There are places in the country where there are anti-idling ordinances that have been considered and there are places where they’ve been implemented. As far as I’m aware, no one has considered it here. We were asking the question, is this something that maybe should be thought about? The students working on the project wrote some articles, we were trying to present at a level where middle schoolers could get something out of it. So they talked about what are the health effects of the particles, and if we were to pass an ordinance how would we do it? And what are examples of people who have done it? How has it worked? What are the political consequences of it? Economic consequences of it? That was a fun project!

We have an ongoing project to just measure what’s in the air in Northfield. Most studies in the literature focus on urban air or really clean rural air. We’re in a middle ground that hasn’t been probed much. We’re going by season, measuring for a week in each season and we’ve done that for a few years at this point. We’re seeing things now that we can actually pick out, like the turkey farm, so that’s been fun!

So what are some of the big questions you like to ask in your research? What is it and where does it come from?

Those are pretty big. We want to know what is in the air and we want to try to understand what are the emission sources of the actual particles that we’re sampling or what are the emission sources of the things that are reacting with the particles and transforming them and turning them into what we are seeing. There are things that live in the air for a while and end up being transformed from how they are emitted. There are also particles that form from reactions in the air so you can’t trace those back to their original source, because there isn’t one. But you try to figure out what the characteristics are of those.

The utility of asking these questions are (1) the health effects, to understand what’s out there so that people who do health tests can use real or relevant samples and (2) to understand the climate effects. Knowing the chemical makeup helps us to know whether they’re going to reflect light, absorb light, nucleate clouds efficiently, not nucleate clouds efficiently, all those kinds of things that have a direct impact on climate.

What do you think the role is of atmospheric chemistry within the ENTS department or Environmental Studies in general?

It’s a very specific niche, but the atmosphere mediates so much of climate, so much of what happens in the Earth’s climate system that without a detailed understanding of it, we cannot predict what’s going to happen to it. You’ve looked at the International Panel on Climate Change graphs where the biggest error bar, the largest uncertainty, is the aerosol effects. We understand the greenhouse gases, what they do, and where they are emitted, with some caveats, it’s not perfect. But particles, not so much. They’re too complex and there’s too many uncertainties about all the things that they do. It’s really just an area where we need to learn more.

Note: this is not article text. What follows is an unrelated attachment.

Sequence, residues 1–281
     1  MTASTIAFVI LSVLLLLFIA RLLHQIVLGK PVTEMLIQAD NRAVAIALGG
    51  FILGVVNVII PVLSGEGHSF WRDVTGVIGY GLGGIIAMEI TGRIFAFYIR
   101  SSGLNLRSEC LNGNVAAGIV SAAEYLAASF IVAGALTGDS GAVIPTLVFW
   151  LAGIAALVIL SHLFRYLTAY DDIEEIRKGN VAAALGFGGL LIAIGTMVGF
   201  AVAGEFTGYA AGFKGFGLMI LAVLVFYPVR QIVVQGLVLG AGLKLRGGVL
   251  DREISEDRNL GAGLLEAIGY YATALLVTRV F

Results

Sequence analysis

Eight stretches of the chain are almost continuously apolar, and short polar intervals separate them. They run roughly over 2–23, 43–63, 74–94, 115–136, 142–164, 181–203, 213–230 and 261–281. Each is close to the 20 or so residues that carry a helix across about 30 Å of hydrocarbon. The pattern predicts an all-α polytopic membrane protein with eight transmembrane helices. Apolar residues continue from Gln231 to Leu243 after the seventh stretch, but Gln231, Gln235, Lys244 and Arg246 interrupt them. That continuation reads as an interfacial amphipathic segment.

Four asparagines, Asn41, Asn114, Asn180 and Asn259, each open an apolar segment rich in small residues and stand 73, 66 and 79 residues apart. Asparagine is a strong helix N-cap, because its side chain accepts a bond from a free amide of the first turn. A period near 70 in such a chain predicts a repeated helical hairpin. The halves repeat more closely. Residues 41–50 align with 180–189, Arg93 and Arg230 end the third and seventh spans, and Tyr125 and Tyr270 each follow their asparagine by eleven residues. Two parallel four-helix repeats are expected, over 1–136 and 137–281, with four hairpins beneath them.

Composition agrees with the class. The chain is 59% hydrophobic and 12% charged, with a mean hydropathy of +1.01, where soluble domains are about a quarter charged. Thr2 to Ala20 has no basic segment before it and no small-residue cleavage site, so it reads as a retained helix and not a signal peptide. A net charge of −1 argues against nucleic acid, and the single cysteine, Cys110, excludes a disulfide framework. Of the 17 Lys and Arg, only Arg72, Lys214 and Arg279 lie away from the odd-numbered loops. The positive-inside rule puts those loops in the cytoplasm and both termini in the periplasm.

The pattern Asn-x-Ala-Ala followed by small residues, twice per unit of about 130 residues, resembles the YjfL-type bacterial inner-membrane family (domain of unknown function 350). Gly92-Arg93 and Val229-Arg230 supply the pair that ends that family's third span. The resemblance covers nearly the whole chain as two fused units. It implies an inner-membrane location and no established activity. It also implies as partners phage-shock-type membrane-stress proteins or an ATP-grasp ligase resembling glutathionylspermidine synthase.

If we want to be able to predict predict future impacts on the climate in order to either think about what the impact of what we are doing is or how we should address things or what would be good future policy changes in the future or how should we react to expected changes, all of those things that we like to think about in terms of climate, this is an area that we need to understand. I don’t have any grand notions that everyone in ENTS should be doing exactly what I’m doing, but I think this is a core component of understanding the environment and especially focusing on climate.

My last question is what’s your favorite thing about teaching or researching at Carleton?

The students. It’s easy! The opportunities to work with interesting people thinking about interesting things, both from students and the faculty side, being able to get involved in things that people are interested in that I might not have known about or vice versa, having something I want to do and being able to get other people involved in those things.

So you ended up in Minnesota even after the initial hesitation?

Yes and with no regrets! It’s one of those great ironies. You should never say “I’ll never do that!” Because you will probably do that thing, is what I found out.